Christian Fiction Scavenger Hunt-Free Books

» Posted on Mar 22, 2013 in Blog | Comments Off on Christian Fiction Scavenger Hunt-Free Books

Welcome to the Christian Fiction Scavenger Hunt!  If you at any time need to read the instructions for the hunt, please

Spring 2013 Hunt LogoScorned Justice

By Margaret Daley

Texas Ranger Brody Calhoun is with his parents in west Texas when an unexpected attack injures the brother of Rebecca Morgan, Brody’s high school sweetheart. The local sheriff, a good friend, asks for Brody’s help. At first, it seems like an open-and-shut case.

As Brody digs deeper, he realizes the attack may be related to an organized crime trial Rebecca will be overseeing. With Rebecca’s help, he compiles evidence involving cattle rustling, bribery, and dirty payoffs that shatter the entire community and put Rebecca directly in the line of fire.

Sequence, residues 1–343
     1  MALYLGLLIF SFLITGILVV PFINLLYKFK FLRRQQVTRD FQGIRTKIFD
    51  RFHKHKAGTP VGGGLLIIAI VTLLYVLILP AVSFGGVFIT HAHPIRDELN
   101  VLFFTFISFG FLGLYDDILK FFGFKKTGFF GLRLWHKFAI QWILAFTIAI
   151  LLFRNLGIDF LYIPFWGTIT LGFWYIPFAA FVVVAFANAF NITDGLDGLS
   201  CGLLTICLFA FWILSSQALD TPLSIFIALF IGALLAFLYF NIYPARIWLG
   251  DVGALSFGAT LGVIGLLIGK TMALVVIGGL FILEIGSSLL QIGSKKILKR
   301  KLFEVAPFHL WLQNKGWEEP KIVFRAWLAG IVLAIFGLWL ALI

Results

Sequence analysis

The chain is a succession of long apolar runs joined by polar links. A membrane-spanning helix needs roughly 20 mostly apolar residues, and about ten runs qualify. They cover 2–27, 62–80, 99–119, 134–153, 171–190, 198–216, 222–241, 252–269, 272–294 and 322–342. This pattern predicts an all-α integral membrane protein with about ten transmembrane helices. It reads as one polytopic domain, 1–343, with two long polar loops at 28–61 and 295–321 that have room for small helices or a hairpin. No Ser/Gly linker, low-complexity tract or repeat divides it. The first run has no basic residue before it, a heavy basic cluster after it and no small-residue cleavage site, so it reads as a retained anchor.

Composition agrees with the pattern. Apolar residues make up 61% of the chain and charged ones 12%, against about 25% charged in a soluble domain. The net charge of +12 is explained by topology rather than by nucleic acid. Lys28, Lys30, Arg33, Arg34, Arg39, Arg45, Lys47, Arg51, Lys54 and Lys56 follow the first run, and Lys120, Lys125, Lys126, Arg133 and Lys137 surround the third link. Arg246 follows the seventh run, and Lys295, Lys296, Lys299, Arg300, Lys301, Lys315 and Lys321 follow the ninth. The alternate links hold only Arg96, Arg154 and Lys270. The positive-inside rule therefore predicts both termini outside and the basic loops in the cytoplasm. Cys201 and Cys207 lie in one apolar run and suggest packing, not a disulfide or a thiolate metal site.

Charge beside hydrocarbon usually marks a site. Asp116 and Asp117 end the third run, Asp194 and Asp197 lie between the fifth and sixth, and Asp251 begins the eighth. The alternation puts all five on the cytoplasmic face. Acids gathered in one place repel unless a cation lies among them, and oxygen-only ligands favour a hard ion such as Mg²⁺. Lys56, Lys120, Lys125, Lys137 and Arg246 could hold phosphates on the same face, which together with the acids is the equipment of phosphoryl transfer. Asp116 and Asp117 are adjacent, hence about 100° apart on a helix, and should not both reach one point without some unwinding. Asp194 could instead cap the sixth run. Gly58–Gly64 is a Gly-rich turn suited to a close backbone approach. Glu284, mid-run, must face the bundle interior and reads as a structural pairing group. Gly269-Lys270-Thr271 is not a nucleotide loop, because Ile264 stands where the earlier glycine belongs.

Brody expects to protect her. What he never expects is to fall for Rebecca all over again, or for a murder to throw the case wide open. Is Brody’s faith strong enough to withstand not only deep-rooted corruption and cattle rustling, but also love?

“Continuing her Men of the Texas Ranchers series, Daley’s story is driven by strong lead characters and contains a great buildup to the surprise reveal of ‘who done it’.”

Reviewed by Leslie McKee, RT Book Review

Scorned JusticeExcerpt from the end of Chapter One

Showcasing the hero Brody Calhoun and heroine Rebecca Morgan